Next time someone starts waxing poetic about the particular aromas of a wine, tell them to stick a cork in it. Those "gaudy descriptions" are often meaningless, writes Eric Asimov in the New York Times. In fact, "the more specific the description of a wine, the less useful information is actually transmitted," he writes, comparing two reviewers' notes ("huckleberry" vs. "spice box"?) about the same bottle. It's time the wine world simplified and started using two descriptors: sweet or savory.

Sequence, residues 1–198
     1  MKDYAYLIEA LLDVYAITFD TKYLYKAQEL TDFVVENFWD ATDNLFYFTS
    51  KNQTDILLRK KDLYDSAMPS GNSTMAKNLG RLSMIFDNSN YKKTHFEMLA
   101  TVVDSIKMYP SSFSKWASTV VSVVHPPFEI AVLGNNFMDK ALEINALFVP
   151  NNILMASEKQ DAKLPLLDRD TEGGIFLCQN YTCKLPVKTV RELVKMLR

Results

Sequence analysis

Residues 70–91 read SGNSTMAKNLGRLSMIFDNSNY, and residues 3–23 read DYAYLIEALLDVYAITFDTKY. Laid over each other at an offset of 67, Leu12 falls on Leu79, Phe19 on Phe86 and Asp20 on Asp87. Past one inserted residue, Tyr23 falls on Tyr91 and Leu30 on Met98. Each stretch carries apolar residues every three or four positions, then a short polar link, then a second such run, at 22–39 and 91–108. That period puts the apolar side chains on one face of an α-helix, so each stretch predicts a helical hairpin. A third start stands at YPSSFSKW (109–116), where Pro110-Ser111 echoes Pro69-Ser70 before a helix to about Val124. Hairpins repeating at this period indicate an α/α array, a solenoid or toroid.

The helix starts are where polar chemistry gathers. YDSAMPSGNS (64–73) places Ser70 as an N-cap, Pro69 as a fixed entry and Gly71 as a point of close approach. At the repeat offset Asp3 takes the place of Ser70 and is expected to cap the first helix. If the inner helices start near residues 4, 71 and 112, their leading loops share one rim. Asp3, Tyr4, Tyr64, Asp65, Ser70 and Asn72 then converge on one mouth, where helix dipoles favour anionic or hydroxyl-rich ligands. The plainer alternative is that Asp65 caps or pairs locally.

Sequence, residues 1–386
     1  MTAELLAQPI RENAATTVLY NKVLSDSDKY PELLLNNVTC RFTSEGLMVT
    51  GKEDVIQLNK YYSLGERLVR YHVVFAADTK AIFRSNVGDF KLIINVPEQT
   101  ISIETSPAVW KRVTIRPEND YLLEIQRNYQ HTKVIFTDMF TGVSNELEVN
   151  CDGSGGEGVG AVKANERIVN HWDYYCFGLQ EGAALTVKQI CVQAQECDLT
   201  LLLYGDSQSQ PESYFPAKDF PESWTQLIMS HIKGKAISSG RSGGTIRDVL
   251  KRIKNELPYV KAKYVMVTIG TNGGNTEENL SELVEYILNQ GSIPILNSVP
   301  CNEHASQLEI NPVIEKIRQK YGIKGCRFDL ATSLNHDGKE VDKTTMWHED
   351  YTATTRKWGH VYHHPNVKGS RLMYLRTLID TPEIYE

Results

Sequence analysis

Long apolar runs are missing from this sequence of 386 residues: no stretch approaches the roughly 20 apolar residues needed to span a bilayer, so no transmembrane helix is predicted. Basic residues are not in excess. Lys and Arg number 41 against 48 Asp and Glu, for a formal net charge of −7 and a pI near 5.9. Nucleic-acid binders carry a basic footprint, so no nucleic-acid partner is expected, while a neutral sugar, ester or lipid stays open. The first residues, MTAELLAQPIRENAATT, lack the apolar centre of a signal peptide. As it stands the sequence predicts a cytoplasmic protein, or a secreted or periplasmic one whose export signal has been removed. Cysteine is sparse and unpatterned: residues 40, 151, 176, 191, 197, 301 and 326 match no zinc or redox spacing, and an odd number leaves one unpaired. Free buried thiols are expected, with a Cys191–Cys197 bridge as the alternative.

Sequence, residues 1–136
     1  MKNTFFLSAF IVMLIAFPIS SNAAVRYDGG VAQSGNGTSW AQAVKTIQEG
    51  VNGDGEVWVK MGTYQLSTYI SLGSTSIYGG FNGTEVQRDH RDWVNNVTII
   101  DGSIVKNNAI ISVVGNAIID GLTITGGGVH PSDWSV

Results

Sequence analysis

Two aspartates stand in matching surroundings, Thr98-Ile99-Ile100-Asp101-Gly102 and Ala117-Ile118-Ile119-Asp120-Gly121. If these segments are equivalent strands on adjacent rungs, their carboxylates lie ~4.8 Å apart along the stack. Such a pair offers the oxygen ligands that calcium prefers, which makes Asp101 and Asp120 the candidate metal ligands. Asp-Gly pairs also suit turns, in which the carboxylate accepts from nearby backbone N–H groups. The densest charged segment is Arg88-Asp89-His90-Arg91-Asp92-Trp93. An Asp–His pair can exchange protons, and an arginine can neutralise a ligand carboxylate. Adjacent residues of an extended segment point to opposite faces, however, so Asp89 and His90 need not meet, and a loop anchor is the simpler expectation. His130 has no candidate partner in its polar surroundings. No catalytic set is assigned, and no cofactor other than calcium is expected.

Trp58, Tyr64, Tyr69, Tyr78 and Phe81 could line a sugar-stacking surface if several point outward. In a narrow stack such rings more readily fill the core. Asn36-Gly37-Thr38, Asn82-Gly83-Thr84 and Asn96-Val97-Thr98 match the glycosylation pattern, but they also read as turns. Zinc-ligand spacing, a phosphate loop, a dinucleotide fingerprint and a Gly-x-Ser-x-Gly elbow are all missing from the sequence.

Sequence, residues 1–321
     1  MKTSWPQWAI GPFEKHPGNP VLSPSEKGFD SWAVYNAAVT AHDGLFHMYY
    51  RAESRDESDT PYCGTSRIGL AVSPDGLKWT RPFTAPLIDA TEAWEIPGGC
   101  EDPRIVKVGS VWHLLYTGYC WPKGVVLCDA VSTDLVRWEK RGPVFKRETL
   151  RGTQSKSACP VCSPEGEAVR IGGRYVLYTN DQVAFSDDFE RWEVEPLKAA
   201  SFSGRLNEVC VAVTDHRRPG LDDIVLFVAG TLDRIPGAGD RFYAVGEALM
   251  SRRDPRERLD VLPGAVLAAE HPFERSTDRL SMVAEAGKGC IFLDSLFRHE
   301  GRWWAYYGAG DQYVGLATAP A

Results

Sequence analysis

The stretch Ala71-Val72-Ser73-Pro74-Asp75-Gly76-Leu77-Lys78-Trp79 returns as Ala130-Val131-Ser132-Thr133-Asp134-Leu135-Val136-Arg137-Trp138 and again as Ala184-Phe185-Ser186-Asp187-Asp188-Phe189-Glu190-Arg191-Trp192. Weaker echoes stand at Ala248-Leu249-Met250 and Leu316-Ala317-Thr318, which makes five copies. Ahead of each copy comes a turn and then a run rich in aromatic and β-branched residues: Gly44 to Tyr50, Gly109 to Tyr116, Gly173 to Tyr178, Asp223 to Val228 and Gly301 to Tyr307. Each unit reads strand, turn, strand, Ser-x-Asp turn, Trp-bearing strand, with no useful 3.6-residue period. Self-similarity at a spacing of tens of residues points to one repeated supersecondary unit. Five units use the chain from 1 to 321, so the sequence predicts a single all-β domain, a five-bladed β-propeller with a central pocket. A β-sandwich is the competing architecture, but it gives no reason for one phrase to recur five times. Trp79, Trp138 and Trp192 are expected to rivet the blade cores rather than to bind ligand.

"These two simple words suggest the basic divide of all wines, the two grand categories that explain more about the essence of any bottle than the most florid, detailed analogies ever could," he writes. "Just as important, thinking of wine in this more streamlined fashion is an efficient method for clarifying your own preferences." He explains his terms in the full column, offering Zinfandel, California pinot noir, and Napa cabernet as examples of "sweet," and white Burgandy, dry reisling, and extra-brut Champagne as "savory."